Elsa drifts between cities, spotting her double again on the street, in restaurants, always just about to vanish but somehow also speaking to her—or is she? In Paris, where she teaches Chopin to the “wild and cold” Aimée, Elsa drinks Perrier and crème de menthe at the legendary Café de Flore; her double arrives and throws a lit cigar into the drink. Over a Vietnamese meal with a friend, there is the double again, ducking out of sight. If the literary double had traditionally been a symbol or cipher for the other side of life—immoral, unconscious, desiring, more or less repressed—that is not exactly its function in August Blue. The woman in the green raincoat who bought the twin mechanical horses, setting in motion a trans-European dance of gazes and (imagined?) conversations, seems not so much an emanation of buried urges or narratives than a convenient distraction. Only when Arthur is perilously ill, and Elsa has arrived at his home in Sardinia, will she finally turn to the written evidence about her past; for the moment, she is spinning a text of her own, which is all evasion. At the center of the novel are fundamental questions: Is an authentic life actually a series of escapes and avoidances? What to do with the (past and possible future) versions of ourselves that skulk about our lives and taunt us?

A novel, then, that inherits and reinvents a venerable device. But Levy is also masterful at the level of piquant incident, small set pieces and droll commentary that call to mind the texture and tone of the three “living autobiographies” she has published while still very much “in the storm of life”—the most recent was Real Estate (2021). In August Blue, a sequence of ridiculous men punctuates the real story, which is going on inside of Elsa. There is Tomas, who is trying to seduce her and appalls her with his plan for a film about Marcel Proust narrated by an AI approximation of Proust’s own voice: “It’s one thing to put your thoughts into his mouth, but not in his own voice.” Elsewhere, male presumption turns more violent, but no less pathetic. There is the guy from Dresden who leans toward her at the Flore and whispers, “I want to lick you.” (He gets his own licking later.) And a random angry man in Hyde Park, London, who shouts “slut, dyke, mental” at her. “It was always the same people making the same old.” In its odd, sly elaboration of Elsa’s deep and recent past, her uncertain future and apparent doubling, August Blue wonders if any of us are ever “the same people.”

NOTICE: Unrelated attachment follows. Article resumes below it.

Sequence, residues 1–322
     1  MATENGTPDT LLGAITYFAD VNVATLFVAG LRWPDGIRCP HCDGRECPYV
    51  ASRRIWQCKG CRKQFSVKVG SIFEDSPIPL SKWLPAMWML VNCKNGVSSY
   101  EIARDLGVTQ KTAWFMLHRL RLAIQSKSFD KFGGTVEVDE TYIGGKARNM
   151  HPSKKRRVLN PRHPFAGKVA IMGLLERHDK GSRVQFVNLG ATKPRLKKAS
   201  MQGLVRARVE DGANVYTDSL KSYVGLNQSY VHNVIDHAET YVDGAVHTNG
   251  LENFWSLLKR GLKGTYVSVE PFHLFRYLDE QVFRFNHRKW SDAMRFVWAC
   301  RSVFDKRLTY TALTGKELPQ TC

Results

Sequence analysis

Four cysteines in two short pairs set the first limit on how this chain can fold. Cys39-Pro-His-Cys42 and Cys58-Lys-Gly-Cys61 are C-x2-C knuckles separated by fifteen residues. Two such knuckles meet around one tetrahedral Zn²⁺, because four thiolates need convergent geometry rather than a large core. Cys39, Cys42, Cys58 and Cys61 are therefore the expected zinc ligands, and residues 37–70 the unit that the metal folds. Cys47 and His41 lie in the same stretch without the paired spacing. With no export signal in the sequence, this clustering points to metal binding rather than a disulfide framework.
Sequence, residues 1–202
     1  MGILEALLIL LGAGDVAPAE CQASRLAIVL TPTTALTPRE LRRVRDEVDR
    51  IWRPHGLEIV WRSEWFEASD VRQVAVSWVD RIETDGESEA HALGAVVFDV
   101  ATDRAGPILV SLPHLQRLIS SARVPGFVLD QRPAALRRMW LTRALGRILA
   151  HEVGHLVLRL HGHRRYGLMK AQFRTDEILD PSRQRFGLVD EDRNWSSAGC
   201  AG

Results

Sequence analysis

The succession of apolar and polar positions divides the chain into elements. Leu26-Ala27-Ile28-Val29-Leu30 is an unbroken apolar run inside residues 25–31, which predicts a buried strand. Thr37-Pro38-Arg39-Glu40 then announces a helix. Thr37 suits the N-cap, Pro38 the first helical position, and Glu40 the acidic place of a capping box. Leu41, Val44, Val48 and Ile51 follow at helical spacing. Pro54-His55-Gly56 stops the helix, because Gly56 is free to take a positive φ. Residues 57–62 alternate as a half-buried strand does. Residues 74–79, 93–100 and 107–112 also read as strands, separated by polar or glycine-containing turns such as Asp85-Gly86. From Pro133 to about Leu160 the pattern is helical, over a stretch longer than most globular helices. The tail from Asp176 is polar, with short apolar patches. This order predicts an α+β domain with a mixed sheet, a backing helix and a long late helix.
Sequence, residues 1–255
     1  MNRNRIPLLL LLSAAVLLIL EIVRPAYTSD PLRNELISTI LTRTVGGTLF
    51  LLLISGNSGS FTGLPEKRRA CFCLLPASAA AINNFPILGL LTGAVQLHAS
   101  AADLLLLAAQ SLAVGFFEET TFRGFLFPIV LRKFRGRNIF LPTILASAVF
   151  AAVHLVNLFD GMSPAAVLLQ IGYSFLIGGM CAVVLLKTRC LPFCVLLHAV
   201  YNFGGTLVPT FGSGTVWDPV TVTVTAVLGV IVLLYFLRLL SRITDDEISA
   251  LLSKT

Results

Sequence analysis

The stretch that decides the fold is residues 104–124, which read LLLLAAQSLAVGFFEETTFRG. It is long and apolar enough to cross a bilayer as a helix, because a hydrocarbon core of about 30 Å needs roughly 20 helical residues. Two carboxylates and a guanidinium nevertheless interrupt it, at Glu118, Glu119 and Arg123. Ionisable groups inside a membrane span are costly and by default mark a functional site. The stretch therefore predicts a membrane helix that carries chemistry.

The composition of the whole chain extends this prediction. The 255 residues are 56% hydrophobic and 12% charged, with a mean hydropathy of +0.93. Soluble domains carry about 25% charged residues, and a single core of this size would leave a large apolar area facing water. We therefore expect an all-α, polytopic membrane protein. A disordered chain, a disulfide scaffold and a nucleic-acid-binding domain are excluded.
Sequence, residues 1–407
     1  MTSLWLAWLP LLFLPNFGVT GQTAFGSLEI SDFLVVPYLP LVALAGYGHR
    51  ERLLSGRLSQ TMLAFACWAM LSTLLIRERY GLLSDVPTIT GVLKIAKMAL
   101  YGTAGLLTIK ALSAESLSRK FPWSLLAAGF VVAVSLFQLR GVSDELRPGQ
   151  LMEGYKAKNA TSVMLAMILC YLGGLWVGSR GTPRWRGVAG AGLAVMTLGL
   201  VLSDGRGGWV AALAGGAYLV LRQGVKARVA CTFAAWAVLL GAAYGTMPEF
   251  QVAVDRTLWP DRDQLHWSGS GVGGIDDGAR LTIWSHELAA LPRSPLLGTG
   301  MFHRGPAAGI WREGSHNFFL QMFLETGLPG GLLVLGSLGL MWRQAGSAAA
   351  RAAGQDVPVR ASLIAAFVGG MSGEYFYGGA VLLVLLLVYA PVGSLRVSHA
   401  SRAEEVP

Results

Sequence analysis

Brian Dillon’s Affinities, Suppose a Sentence, and Essayism are published by New York Review Books. He is working on a book about Kate Bush, and another on aesthetic education.

Wherever you go, there you are: in Deborah Levy’s new novel, a disgraced concert pianist drifting around Europe repeatedly runs into a doppelgänger.